I always spend that time after Christmas trying to see all of the movies getting awards buzz. One reason is I like to have rooting interests in the categories on Oscar night. It is usually one of my favorite times of the year because I end up seeing a wide array of very good to great movies infused with laudable performances. Two years ago, I remember walking away from seeing Birdman and wondering what I was missing. It was winning awards left and right but I hated the movie; it was torture sitting through it. It was such a bad experience I almost did not go see the same director’s next movie last year’s The Revenant which I enjoyed much more.
So far this year I have caught up to almost everything I suspect will be nominated. I saved what I thought was going to be the best for last, La La Land. La La Land is a modern musical by director Damien Chazelle starring Emma Stone and Ryan Gosling. It is the story of Mia (Ms. Stone) and Sebastian (Mr. Gosling) as they meet in current day Los Angeles. Mia is an aspiring actress and Sebastian is a musician whose affection for jazz is the most important thing in his life. Through four season-themed chapters the story follows the relationship of these two. There are big showy musical numbers like the one which opens the movies as the people stuck in an LA traffic jam break into song and dance while sitting still on the freeway. There are also some simple more personal numbers. Right there was my first issue.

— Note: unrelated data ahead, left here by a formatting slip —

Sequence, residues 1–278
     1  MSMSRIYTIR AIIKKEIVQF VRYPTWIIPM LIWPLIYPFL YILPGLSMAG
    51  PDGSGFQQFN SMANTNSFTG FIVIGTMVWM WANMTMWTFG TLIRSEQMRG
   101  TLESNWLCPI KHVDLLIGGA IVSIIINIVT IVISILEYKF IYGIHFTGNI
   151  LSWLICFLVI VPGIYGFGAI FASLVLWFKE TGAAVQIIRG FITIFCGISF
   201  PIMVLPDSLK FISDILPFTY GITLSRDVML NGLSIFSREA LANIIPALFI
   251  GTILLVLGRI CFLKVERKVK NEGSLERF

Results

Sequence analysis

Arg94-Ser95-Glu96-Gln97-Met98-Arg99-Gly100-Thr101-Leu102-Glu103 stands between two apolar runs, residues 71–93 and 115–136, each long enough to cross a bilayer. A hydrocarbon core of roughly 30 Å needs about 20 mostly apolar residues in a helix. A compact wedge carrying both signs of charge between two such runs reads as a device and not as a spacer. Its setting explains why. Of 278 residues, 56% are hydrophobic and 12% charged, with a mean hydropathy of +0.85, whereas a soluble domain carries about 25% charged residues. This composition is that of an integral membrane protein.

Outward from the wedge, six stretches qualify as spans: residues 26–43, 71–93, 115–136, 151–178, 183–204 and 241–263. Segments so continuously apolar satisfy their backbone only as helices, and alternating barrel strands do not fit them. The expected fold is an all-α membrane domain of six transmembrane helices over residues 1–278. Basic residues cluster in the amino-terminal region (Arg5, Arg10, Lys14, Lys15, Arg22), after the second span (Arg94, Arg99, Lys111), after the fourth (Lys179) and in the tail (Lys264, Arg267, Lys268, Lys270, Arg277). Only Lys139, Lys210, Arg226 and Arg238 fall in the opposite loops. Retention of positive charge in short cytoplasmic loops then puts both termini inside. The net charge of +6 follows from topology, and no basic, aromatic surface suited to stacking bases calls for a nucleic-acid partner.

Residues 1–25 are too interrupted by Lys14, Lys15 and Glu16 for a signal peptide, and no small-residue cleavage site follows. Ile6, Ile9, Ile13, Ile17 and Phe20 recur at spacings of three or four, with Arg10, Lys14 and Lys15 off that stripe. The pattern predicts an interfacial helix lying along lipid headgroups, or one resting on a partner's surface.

Emma Stone and Ryan Gosling in La La Land
When I name a musical, there is always a show-stopping tune that you remember. The adjective itself means a performance so amazing the entire story telling takes a moment to catch its breath before moving on. La La Land has none of that. The new songs are thematically and musically bland except for the very last one, “Audition”, which has killer lyrics but no tune. One reason for this is Ms. Stone and Mr. Gosling are not singers and so the songs have to be kept within their narrow vocal range hobbling them fatally. There is a part of me that would like to see a real musical actress like Idina Menzel give “Audition” a go. First flaw was this is a musical which has nothing I care to listen to after the movie.